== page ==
Continental Casualty Co. v. Rohr, Inc., HHDCV166066502S

CourtSuperior Court of Connecticut
Writing for the CourtPECK, J.T.R.
PartiesCONTINENTAL CASUALTY COMPANY in its Own Capacity, and as Successor in Interest to Certain Harbor Insurance Company Policies and as Successor by Merger to CNA Casualty of California, Certain Underwriters at Lloyd’s London, et al. v. ROHR, INCORPORATED, et al.
Docket NumberHHDCV166066502S
Decision Date19 March 2018

CONTINENTAL CASUALTY COMPANY in its Own Capacity, and as Successor in Interest to Certain Harbor Insurance Company Policies and as Successor by Merger to CNA Casualty of California, Certain Underwriters at Lloyd’s London, et al.

No. HHDCV166066502S

Superior Court of Connecticut, Judicial District of Hartford, Hartford

March 19, 2018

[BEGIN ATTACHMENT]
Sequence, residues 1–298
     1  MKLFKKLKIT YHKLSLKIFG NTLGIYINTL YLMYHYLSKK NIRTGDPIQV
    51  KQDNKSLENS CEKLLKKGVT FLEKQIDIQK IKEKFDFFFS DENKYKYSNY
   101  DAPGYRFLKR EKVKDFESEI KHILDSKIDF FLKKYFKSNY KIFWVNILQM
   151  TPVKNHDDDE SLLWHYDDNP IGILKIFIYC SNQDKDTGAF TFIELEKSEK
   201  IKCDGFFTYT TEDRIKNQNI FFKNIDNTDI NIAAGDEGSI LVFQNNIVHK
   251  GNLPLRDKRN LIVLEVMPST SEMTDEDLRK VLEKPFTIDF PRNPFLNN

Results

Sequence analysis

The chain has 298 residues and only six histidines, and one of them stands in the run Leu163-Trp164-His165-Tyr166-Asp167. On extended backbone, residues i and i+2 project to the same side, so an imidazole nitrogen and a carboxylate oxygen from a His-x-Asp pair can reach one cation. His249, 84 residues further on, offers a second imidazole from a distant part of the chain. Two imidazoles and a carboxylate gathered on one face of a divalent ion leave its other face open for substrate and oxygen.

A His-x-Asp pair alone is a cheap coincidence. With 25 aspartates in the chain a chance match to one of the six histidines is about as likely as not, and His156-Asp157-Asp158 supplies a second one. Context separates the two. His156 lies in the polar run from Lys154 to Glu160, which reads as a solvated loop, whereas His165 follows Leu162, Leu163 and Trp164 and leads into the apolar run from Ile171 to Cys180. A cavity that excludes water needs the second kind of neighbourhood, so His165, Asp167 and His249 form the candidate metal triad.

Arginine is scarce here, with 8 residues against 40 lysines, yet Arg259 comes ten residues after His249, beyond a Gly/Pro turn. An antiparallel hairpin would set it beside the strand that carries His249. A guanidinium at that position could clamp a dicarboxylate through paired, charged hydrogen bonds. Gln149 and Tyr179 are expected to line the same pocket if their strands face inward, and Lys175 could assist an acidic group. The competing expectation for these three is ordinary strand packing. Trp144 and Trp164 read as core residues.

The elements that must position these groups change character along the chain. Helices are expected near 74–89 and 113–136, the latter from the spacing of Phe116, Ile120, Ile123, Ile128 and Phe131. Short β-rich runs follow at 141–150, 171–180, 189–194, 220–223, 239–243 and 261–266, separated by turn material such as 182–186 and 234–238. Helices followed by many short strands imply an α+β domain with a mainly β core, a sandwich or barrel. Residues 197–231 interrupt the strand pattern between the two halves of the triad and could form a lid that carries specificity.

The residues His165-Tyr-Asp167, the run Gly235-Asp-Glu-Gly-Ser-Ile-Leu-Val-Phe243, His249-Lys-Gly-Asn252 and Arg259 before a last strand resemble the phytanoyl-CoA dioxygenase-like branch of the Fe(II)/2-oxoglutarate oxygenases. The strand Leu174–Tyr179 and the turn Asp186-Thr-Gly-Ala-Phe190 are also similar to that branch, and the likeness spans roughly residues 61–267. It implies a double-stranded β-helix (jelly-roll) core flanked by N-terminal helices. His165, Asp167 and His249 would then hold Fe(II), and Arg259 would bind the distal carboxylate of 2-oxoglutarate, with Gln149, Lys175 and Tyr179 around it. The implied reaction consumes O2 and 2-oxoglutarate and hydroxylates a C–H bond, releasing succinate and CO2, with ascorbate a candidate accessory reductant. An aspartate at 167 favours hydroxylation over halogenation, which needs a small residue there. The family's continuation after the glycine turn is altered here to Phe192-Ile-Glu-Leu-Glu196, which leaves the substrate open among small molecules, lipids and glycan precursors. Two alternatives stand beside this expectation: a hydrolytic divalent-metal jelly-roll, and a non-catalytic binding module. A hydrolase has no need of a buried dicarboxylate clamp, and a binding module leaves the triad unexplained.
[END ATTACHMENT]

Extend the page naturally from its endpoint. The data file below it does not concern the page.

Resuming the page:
The plaintiff excess insurers brought this action for declaratory judgment against the defendants, Rohr, Incorporated (Rohr), certain primary insurers, and other excess insurers in connection with various underlying environmental property damage claims. The underlying claims have been brought against Rohr and seek recovery for the costs of investigation and remediation at seven sites in California and one in Missouri (Chula Vista, Riverside, Agricultural Park, Casmalia Resources Hazardous Waste Facility, BKK Landfill, Basin By-Products, Gibson Environmental, and Hayford Bridge). The complaint in the present action alleges that the underlying claims arise from Rohr’s manufacturing operations at the sites over several decades, which resulted in the continuous release of various hazardous wastes and materials, including PCBs, into the environment. The continuous release of those hazardous materials allegedly caused continuous environmental damage. Rohr has sought defense and indemnity from the plaintiffs for the costs it has incurred, and will continue to incur, in the remediation of the sites.